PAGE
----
Ted Kincaid Every Doubt That Holds You Here
Ted Kincaid’s images are beautiful, dreamy, ethereal. It’s not necessary to know anything about the work to be transported by them. Some have a hazy, Romantic quality, others a crystalline clarity, still others feel antique; all of them insinuate familiarity. Even if we can’t identify the exact location for each scene, we feel that we’ve seen it somewhere–perhaps in mid-century nature photography or in an old movie. We recognize these places; of this we can be sure.
Ted Kincaid is perfectly happy to leave us with the illusion that we’re witnessing a faithful representation of the real, because his real pleasure lies in convincingly presenting a counterfeit. For these images are by no means what they appear to be: photographic depictions of the land, sea, or moon. They are carefully constructed amalgamations from very un-Romantic sources–including images of stains from his studio floor.
The artist describes himself and his approach to art making as “Machiavellian”. Kincaid intentionally fools his audience; his works, however, compel us to question the veracity of a photographic image in a manner more playful than devious. What looks for all the world like the moon is, in fact, snippets of value and tone culled from numerous sources and painstakingly stitched together digitally, pixel by pixel. The work is delicately composed, having more in common with modeling in painting and drawing than with photography. His pictures of sailing ships and the roiling sea echoing the sensibility of famed naturalist John Muir. They also reference 19th century landscape painting, thus transforming works that are pure products of the digital age into vehicles transporting us to lost worlds of artistic practice.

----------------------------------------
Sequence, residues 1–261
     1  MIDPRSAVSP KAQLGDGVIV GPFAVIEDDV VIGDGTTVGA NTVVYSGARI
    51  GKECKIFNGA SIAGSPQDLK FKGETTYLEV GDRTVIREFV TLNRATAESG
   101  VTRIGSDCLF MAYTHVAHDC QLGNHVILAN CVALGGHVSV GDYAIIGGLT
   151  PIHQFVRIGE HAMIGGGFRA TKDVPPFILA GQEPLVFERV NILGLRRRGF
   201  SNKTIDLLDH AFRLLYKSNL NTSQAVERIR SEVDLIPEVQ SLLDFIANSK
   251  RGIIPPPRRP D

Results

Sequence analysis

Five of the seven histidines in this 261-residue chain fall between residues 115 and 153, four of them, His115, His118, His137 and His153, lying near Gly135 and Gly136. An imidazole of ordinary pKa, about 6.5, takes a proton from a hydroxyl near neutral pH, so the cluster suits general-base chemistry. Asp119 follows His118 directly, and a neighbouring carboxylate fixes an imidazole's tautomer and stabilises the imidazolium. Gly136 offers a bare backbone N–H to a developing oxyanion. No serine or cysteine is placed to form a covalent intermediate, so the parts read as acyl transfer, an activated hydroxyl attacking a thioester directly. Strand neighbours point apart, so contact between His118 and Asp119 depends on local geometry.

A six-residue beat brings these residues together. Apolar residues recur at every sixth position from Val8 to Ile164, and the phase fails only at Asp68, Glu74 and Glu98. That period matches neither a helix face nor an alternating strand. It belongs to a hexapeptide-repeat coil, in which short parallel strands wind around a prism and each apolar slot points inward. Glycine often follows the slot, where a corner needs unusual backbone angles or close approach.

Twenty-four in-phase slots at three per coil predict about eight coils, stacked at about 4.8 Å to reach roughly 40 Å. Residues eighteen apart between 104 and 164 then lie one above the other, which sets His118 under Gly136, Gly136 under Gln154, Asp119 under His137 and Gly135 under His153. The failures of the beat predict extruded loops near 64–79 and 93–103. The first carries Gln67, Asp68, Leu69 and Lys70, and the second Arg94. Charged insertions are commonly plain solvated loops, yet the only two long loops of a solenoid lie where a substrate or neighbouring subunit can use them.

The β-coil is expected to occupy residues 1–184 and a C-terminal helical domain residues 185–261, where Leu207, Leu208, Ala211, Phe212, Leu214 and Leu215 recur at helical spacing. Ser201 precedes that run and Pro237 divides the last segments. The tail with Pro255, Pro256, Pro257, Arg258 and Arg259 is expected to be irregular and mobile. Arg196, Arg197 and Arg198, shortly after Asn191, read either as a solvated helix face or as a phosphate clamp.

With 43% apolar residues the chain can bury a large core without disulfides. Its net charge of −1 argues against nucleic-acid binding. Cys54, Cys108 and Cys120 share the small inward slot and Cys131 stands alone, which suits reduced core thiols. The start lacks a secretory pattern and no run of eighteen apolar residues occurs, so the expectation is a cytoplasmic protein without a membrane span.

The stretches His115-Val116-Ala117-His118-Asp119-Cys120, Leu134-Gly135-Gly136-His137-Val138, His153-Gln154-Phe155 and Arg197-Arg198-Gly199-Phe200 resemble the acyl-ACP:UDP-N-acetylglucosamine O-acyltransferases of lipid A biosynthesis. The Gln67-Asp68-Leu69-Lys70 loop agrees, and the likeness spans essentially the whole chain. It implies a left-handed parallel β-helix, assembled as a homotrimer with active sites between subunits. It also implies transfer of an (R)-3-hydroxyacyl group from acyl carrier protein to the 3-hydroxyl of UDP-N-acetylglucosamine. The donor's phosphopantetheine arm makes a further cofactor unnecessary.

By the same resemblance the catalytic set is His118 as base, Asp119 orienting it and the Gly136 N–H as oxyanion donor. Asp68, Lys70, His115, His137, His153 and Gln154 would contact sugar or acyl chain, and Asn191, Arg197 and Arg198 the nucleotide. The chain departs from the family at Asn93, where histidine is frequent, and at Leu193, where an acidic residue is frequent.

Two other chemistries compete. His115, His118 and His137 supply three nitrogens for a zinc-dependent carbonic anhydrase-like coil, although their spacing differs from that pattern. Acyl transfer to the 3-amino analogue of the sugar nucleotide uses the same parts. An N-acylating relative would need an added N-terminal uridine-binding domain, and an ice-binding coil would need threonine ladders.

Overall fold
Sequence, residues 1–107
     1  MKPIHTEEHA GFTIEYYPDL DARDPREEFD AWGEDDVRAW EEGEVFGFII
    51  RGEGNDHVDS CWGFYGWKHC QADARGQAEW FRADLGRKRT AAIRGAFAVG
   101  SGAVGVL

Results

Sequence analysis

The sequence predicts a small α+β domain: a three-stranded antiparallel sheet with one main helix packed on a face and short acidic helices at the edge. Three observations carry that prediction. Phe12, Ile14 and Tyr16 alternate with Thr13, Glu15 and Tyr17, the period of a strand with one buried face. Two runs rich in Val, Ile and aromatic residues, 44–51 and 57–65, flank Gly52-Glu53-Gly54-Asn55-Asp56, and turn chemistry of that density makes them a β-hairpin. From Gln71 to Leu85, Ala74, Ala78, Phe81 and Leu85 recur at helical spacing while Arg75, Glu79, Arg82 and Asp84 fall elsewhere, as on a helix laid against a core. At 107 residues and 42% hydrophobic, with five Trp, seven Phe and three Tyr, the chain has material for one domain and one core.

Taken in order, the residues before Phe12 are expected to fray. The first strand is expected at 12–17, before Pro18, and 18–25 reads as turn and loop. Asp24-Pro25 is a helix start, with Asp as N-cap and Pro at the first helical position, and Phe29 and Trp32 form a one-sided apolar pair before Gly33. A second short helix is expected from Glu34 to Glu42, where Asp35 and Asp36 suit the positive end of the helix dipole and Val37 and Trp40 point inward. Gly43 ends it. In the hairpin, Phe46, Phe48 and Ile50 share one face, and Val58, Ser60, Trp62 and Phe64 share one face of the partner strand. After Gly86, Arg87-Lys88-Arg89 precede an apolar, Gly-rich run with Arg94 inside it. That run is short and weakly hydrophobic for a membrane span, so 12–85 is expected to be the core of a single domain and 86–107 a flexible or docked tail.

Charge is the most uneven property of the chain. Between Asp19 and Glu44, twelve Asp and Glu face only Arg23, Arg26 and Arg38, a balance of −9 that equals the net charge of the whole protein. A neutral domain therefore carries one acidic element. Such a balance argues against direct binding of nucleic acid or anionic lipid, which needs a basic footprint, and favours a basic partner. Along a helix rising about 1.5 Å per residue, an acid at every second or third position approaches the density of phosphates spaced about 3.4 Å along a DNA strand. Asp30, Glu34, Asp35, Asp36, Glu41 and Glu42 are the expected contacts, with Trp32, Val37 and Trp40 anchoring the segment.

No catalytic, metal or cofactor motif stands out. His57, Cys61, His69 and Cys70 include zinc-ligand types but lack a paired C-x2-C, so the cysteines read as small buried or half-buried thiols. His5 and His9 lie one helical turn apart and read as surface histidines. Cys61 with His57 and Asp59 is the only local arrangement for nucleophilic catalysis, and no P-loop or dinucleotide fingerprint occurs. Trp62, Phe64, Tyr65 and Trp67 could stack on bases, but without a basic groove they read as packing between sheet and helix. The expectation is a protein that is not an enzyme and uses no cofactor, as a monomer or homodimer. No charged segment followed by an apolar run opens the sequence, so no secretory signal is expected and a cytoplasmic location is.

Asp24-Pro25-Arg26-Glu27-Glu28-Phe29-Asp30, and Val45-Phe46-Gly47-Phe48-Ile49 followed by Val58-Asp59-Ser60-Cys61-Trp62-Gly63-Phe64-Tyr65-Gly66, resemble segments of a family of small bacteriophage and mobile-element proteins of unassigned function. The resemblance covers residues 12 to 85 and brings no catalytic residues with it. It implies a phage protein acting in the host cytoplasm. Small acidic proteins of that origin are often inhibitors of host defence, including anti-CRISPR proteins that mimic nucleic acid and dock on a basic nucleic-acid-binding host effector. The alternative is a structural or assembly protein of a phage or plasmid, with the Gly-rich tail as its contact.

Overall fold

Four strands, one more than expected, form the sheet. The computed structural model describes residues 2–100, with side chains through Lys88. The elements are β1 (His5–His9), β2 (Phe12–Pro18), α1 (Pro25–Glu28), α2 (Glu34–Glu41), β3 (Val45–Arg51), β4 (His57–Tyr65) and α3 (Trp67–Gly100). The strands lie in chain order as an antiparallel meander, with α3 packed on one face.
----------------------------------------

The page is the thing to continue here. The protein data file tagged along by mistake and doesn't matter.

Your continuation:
As Kincaid’s art has progressed over the years, it increasingly references a domain of experience that entranced him as a child: the sort of documentation of paranormal subject matter (ghosts, Big Foot, the Loch Ness Monster, UFO’s) that was popular on American television during the 1970s. These programs, presenting “indisputable” evidence of the existence of these creatures, typically involved some blurry element or other crudely integrated within an identifiable setting, be it an abandoned, “haunted” house, a dense forest, a quiet Scottish loch, or a deserted landscape where an alien ship has landed.
Ted Kincaid’s fascination with such subject matter, his obsession with the lowbrow metaphysical, was as common at that time as the cultural presence of Armageddon and the Rapture are today. Unlike his occultist forebears, however, Kincaid invites us to admire the way his “tricks” bring the otherworldly into being through snatches of the everyday.